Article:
HRC: Gym for High-Rent Tenants Only Is Discriminatory
New York City's Human Rights Commission (HRC) recently filed a notice that an owner’s policy of not allowing rent-stabilized tenants to use the gym is discriminatory. The notice followed a tenant's complaint that the rent-regulated tenants excluded from the building’s gym are largely over 65, while market-rate tenants aren't. The HRC’s notice states that there's enough evidence of age discrimination to merit a hearing on the building’s gym rule.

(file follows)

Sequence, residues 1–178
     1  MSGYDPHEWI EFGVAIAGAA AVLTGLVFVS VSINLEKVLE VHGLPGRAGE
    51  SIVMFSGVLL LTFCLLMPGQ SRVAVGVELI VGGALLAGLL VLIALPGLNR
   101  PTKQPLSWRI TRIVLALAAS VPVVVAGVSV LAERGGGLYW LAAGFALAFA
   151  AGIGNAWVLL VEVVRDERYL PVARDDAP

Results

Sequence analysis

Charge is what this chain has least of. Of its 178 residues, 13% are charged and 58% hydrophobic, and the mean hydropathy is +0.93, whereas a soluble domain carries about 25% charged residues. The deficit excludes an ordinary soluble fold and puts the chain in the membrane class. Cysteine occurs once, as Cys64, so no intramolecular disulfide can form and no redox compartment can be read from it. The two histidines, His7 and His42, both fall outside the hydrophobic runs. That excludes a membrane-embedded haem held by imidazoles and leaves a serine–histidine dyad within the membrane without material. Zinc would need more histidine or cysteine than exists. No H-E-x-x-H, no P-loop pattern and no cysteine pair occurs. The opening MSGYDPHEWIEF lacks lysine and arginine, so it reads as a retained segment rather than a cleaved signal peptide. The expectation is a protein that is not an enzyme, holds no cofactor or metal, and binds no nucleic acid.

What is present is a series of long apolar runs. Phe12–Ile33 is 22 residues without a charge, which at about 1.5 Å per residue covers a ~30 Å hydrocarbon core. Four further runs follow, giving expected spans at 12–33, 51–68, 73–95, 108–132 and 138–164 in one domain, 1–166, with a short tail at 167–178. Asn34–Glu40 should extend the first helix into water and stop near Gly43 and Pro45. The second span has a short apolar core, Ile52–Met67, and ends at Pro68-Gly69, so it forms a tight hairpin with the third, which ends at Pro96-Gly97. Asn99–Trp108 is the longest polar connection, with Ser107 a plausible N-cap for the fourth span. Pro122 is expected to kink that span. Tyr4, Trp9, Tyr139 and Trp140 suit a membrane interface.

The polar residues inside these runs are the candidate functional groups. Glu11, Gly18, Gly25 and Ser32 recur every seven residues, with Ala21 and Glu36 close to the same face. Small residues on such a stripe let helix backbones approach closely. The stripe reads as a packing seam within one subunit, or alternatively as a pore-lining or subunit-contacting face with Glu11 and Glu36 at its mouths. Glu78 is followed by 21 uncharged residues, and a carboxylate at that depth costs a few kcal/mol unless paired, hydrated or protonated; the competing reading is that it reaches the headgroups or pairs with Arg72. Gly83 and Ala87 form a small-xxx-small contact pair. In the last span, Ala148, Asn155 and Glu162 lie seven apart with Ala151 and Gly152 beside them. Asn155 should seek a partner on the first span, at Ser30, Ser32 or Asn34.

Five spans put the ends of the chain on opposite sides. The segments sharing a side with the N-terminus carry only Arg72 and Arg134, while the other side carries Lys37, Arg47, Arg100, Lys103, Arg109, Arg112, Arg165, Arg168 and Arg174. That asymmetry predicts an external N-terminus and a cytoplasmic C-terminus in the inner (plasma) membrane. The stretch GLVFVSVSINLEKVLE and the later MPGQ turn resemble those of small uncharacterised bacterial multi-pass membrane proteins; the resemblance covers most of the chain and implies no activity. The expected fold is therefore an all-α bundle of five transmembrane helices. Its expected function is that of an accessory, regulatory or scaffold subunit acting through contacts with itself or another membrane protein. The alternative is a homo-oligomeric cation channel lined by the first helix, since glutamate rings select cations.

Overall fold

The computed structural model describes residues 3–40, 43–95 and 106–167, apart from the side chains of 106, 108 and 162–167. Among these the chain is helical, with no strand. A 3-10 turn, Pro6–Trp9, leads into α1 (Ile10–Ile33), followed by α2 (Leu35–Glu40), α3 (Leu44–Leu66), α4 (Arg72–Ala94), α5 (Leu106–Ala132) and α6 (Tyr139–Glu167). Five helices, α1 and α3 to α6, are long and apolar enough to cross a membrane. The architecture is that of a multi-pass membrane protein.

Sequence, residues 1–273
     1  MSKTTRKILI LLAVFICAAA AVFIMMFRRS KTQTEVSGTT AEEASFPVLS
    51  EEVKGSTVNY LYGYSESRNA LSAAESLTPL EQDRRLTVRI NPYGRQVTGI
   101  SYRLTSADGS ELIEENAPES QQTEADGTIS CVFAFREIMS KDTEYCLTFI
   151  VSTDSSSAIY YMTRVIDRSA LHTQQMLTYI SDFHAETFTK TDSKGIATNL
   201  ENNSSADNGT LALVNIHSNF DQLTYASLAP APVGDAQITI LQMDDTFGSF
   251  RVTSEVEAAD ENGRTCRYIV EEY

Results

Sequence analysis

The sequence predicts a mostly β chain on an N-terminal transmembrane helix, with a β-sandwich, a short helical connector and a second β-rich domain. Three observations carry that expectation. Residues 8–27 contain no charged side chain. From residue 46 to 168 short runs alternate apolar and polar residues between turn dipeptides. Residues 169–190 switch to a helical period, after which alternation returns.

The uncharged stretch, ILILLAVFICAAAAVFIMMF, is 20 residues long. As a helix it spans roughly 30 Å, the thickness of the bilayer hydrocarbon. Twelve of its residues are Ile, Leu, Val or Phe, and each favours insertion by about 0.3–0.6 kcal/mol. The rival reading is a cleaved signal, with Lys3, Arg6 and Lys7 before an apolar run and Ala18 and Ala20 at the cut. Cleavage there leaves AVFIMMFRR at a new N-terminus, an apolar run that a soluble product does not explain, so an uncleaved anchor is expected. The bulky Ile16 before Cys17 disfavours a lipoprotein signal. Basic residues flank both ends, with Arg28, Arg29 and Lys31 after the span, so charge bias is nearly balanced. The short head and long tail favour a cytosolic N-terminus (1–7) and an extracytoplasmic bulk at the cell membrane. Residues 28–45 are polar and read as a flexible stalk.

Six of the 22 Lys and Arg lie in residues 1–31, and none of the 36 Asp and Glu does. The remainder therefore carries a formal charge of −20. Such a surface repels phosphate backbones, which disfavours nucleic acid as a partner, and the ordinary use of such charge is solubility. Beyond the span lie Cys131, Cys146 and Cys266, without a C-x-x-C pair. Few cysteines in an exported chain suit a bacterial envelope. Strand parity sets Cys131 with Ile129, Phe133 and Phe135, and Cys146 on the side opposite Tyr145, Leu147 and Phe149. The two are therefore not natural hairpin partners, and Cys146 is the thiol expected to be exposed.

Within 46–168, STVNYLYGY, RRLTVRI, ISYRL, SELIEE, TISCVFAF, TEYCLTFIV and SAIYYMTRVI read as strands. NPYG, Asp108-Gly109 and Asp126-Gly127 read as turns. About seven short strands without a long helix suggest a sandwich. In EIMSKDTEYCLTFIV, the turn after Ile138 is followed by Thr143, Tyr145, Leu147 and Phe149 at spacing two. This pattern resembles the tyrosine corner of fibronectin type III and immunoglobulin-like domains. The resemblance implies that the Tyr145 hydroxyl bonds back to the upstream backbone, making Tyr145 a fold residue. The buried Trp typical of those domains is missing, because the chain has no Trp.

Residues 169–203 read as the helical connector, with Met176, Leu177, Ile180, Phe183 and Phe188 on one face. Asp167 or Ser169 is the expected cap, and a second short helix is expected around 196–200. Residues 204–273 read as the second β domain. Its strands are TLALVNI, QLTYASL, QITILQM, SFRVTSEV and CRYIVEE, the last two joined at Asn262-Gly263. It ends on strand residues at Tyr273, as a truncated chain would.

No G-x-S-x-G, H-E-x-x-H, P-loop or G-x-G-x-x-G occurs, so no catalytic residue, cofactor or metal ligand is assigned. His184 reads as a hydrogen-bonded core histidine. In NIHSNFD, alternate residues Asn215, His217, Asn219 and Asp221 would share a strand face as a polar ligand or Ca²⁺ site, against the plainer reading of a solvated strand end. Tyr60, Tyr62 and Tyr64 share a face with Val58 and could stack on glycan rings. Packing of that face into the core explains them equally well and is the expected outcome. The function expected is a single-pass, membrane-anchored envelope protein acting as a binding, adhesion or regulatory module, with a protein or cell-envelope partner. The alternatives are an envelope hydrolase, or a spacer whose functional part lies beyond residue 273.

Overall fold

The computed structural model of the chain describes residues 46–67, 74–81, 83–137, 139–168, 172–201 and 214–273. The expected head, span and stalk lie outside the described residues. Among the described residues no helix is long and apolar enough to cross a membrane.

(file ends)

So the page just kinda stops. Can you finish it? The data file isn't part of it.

Luxury apartment buildings with separate amenities or doors for rent-restricted apartment residents have sparked action in the city council. Last year, in response to news of the building’s gym policy, Councilman Mark Levine attempted to amend the city's human rights code to protect rent-stabilized tenants from discrimination. And, currently, the New York City Council is introducing legislation that would bar building owners from discriminating against rent-restricted tenants in the use of building amenities such as gyms, pools, play rooms, and green spaces. The legislation would require developers and building managers to provide equal access to such facilities. Additionally, if market-rate tenants can pay a fee to access amenities, those who live in rent-restricted units would be required to be offered the same deal.